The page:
A holistic approach can rein within the overall risk-reward proposition for investors, employees and management.
The vast majority of commodity-price hedging by small, and midsized exploration and production companies is strategically ineffective. Equity investors typically express ambivalence about hedging policy, and management teams often express frustration with the process and results.
Secured-debt investors include the only participants that appear genuinely enthusiastic about hedging; however, as they often are commercial banks which might be bundling hedging services with loans, it is not obvious whether their enthusiasm is driven by improved risk management or by additional fee capture.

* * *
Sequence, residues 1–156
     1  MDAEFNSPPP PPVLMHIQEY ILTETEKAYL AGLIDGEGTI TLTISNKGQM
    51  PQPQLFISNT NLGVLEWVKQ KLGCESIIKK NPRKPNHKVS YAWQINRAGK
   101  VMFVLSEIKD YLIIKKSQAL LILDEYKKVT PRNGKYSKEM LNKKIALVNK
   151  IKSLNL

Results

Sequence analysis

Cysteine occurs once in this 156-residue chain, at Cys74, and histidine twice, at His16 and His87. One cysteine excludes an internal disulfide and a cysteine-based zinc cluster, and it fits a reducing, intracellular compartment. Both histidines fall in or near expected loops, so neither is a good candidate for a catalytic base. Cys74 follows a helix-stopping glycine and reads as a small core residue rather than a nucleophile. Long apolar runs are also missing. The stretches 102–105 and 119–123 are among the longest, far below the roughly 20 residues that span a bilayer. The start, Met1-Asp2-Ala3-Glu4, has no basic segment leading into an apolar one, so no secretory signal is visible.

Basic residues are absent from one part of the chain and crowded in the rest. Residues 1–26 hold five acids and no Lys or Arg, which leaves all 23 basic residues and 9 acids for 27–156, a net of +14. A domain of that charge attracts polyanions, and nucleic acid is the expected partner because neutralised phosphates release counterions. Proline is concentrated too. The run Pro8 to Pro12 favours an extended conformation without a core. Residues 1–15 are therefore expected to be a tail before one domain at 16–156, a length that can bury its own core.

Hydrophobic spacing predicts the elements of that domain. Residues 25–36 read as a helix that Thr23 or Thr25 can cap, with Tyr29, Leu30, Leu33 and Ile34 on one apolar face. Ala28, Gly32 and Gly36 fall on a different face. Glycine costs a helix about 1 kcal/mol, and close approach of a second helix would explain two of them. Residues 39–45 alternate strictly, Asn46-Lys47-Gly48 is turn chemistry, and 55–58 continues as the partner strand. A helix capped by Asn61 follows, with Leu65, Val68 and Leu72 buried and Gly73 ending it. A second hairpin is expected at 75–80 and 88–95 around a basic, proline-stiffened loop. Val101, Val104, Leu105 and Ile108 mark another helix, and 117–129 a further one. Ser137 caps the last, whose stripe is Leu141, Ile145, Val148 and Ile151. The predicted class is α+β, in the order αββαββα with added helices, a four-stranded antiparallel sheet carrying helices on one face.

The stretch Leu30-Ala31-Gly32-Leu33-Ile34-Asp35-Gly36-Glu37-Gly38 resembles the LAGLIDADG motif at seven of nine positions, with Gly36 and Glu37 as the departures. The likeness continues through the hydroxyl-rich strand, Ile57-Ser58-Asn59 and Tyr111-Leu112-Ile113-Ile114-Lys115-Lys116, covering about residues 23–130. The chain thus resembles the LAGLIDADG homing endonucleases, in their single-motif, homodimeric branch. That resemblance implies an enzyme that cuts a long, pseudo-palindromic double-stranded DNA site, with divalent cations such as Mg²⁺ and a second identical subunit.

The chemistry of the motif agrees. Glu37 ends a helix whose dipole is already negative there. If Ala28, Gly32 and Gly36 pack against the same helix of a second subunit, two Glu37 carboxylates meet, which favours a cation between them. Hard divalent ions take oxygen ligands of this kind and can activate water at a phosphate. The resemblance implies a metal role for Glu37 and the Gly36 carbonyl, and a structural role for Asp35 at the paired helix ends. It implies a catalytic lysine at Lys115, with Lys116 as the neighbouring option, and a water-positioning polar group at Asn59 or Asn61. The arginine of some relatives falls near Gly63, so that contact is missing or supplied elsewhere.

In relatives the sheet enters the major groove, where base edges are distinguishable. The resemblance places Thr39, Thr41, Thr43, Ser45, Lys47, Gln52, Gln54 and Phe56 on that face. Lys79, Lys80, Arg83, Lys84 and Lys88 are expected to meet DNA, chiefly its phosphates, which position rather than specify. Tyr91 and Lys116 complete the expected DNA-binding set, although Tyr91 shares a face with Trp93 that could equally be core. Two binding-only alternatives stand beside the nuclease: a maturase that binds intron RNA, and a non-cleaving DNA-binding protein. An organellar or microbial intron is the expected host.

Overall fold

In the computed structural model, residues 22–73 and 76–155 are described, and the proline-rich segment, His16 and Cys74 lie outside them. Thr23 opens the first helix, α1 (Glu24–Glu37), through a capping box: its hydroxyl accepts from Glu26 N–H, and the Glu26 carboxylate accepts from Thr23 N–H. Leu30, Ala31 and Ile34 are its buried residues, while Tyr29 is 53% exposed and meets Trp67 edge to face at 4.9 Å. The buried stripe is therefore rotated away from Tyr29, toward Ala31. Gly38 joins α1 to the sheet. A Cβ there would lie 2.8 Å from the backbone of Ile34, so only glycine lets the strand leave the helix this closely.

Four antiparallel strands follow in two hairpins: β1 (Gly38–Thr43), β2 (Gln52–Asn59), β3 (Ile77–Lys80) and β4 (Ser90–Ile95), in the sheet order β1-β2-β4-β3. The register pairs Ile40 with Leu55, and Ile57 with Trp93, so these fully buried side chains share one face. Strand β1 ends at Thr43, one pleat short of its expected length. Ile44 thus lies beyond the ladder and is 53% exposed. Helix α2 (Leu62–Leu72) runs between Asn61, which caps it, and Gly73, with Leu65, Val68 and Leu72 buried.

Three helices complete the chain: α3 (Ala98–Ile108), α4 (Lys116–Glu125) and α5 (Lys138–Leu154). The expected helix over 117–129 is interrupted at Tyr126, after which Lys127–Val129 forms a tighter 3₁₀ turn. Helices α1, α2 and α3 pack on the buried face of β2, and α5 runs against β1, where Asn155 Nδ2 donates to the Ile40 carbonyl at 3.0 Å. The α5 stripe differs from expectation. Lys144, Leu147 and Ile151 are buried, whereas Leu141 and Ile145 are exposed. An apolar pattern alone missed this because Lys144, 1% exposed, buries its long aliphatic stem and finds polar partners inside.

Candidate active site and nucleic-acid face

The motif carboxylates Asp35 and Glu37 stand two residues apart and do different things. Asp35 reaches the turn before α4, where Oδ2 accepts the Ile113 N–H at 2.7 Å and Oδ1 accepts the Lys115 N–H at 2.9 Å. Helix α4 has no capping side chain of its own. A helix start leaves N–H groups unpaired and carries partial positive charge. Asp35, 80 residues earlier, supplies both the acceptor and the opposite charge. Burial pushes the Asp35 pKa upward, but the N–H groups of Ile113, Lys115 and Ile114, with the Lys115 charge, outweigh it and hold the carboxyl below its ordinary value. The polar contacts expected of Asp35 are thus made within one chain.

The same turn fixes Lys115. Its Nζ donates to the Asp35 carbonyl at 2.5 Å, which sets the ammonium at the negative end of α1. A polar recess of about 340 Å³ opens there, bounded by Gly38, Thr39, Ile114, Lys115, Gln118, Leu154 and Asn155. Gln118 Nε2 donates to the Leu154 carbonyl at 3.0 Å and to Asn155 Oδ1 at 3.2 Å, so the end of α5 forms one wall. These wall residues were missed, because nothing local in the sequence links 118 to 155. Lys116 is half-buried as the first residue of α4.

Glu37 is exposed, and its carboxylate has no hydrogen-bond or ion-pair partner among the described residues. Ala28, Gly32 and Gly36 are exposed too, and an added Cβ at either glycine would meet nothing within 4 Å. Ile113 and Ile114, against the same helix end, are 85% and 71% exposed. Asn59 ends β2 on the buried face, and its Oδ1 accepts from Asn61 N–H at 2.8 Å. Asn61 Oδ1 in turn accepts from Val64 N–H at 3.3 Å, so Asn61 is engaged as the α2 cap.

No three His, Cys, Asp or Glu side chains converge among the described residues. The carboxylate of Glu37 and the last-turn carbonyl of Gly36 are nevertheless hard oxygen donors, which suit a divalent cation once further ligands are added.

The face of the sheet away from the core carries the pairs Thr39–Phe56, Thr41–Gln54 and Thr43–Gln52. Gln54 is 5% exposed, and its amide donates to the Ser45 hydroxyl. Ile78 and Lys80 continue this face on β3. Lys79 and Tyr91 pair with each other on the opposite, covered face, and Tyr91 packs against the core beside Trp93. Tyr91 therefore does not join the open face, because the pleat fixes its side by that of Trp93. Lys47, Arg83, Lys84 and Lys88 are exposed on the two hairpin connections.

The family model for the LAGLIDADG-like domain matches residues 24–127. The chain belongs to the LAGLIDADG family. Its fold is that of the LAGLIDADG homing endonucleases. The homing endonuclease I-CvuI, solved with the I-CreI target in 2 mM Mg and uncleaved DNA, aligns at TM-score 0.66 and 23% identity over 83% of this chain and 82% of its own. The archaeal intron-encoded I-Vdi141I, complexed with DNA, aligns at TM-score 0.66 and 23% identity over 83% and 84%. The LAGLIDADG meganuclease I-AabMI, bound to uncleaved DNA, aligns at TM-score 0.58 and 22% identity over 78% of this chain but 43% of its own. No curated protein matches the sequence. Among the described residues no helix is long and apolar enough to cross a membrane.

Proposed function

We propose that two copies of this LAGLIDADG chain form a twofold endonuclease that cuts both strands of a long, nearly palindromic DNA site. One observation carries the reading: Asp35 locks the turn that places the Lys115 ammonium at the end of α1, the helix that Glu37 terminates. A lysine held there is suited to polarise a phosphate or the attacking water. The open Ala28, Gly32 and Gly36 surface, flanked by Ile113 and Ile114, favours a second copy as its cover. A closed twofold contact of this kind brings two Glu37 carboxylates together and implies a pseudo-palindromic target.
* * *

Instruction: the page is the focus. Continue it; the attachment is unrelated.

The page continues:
It is time for the industry to abandon myopic, tactical approaches and embrace an all-natural perspective on managing commodity price risk, a strategy we characterize as “strategic hedging”.
Roots in agriculture
Price hedging techniques and methods emanated from the agricultural markets. Farmers wished to lock in price certainty over a portion of their crop during planting in an attempt to avoid financial ruin from adverse price movement at the time of harvest. The time period of the forward activities was governed by the duration of the summer season, resulting in contracts typically which range from three months to one year.
For the reason that farmer could alter his decisions on crop allocation each and every season, the amount of the hedge naturally matched the use of the commitment period. Thus, hedging implementation practices evolved that focused totally on basis risk (the main difference between the actual product price and also the standardized product price) and quantity.